Così fan tutte
Così fan tutte, ossia La Scuola degli Amanti, opera buffa in two acts, music by Wolfgang Amadeus Mozart, libretto by Lorenzo da Ponte, conducted by Stefano Montanari, directed by Jan Philipp Gloger, first revival, Royal Opera, 25th February 2019, reviewed by LESLIE JONES
In Jan Philipp Gloger’s production of Così fan tutte, certain members of the cast, notably Don Alfonso, wear 18th century costume but others that of the twentieth. And, although the action supposedly unfolds in Naples under Spanish rule, “The basic topic isn’t bound to any particular time…” (Gloger, in conversation with dramaturg Katharina John, Official Programme). The subject matter, in particular the notion of human frailty, is timeless and universal.
In act 1, accordingly, Fiordiligi and Dorabella take selfies and Guglielmo and Ferrando supposedly depart for war from a railway station. Another scene takes place in a cocktail bar. A recent production of Così at the Edinburgh Festival was set in Eritrea in the 1930’s, when it was part of Mussolini’s “new Roman Empire”, with “stark portrayals of the sexual and racial tension of the time”.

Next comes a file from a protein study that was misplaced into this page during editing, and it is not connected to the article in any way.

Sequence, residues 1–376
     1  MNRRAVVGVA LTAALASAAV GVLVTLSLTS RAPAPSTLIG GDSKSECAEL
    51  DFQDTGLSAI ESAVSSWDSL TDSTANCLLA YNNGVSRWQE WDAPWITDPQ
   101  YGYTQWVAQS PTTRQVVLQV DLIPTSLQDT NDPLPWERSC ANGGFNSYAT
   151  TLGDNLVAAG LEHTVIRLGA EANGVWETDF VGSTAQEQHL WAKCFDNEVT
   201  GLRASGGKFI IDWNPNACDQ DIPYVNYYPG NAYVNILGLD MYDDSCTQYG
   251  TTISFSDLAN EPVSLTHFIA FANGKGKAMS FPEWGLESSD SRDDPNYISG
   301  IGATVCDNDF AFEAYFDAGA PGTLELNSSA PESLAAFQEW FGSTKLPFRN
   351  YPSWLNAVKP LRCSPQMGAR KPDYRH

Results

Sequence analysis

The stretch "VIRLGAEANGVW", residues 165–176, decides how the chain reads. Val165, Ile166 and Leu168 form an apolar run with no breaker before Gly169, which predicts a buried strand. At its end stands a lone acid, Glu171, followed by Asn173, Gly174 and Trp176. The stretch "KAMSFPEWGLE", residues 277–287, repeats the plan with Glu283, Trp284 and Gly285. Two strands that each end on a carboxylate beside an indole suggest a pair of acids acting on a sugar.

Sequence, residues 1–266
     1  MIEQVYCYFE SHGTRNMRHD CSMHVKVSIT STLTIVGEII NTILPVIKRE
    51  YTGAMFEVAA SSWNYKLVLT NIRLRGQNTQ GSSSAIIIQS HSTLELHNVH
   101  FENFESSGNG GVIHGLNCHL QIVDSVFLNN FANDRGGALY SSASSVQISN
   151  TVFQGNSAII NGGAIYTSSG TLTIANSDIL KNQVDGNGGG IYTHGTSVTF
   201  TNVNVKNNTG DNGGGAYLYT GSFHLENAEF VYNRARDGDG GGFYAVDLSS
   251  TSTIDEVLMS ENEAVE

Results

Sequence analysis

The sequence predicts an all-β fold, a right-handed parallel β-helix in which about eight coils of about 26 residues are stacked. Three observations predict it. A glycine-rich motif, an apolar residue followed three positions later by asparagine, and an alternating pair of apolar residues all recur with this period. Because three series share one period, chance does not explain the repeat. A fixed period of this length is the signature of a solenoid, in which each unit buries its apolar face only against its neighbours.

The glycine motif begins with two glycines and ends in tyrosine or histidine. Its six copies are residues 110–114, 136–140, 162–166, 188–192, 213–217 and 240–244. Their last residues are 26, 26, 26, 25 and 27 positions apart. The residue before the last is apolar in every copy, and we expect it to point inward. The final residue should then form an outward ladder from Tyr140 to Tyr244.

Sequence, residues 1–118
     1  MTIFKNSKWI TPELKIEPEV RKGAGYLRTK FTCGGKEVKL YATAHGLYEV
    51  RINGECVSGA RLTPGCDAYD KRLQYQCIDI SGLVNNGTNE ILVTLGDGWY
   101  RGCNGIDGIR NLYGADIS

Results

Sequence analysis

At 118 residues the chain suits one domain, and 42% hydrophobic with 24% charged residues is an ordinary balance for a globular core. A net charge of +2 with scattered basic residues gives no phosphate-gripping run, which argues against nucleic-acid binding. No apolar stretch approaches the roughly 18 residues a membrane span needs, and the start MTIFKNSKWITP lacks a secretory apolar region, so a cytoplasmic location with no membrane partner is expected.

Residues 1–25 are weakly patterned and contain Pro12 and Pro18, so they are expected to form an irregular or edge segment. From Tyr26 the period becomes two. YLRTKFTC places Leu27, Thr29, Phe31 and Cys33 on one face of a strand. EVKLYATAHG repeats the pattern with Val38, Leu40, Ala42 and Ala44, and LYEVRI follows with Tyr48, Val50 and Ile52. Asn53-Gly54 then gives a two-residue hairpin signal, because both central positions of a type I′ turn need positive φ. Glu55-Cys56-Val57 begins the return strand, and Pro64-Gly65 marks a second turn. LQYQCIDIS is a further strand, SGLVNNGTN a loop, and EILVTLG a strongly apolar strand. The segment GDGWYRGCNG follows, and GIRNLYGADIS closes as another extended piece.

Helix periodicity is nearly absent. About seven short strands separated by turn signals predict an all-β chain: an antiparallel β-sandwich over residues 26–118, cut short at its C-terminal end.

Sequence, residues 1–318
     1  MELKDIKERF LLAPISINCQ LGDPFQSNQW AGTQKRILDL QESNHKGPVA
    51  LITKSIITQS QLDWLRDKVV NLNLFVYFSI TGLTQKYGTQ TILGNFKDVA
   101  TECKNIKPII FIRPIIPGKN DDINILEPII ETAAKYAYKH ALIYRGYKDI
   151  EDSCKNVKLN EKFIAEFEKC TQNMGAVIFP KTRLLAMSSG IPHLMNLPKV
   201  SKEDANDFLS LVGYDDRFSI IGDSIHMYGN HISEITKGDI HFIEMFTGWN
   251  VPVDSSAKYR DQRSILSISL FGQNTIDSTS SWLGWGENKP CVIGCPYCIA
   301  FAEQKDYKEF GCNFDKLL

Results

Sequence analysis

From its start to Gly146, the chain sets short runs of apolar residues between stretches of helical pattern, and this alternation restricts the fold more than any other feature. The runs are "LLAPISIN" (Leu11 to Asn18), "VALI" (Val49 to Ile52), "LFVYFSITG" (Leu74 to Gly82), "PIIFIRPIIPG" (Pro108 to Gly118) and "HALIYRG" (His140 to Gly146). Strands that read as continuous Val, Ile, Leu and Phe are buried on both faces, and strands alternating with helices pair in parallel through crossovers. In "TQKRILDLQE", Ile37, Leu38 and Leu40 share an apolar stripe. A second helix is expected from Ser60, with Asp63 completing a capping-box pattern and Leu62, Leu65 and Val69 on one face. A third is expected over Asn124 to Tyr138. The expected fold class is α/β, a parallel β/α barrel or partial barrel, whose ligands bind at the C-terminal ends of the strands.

He who builds his hopes
On a woman’s heart
Ploughs the sea,
And sows on sand,
And hopes to snare
The wild wind in a net
As music historian Tim Carter reminds us, the cynicism and immorality of Da Ponte’s libretto, as articulated by philosopher Don Alfonso (Thomas Allen) and the maid Despina, repelled Beethoven and Wagner (“All the World’s a Stage…”, Official Programme). And Gloger’s Così, likewise, is played mainly for laughs. Hungarian-Romanian baritone Gyula Orendt as Guglielmo and the feisty and vivacious soprano Serena Gamberoni as Despina were particularly effective in this context.
Così fan tutte combines the frivolous and the sublime. As musicologist Ian Woodfield contends, it contains “some of the most glorious music of true love than even Mozart ever penned” (Official Programme), such as the trio “Soave sia il vento” and the aria “Un’aura amorosa”. Tenor Paolo Fanale as Ferrando gave a moving performance of the latter, which drew warm applause.
In the Symposium, Plato characterises love as a quest for immortality. Mozart has surely attained the latter, if only subjectively.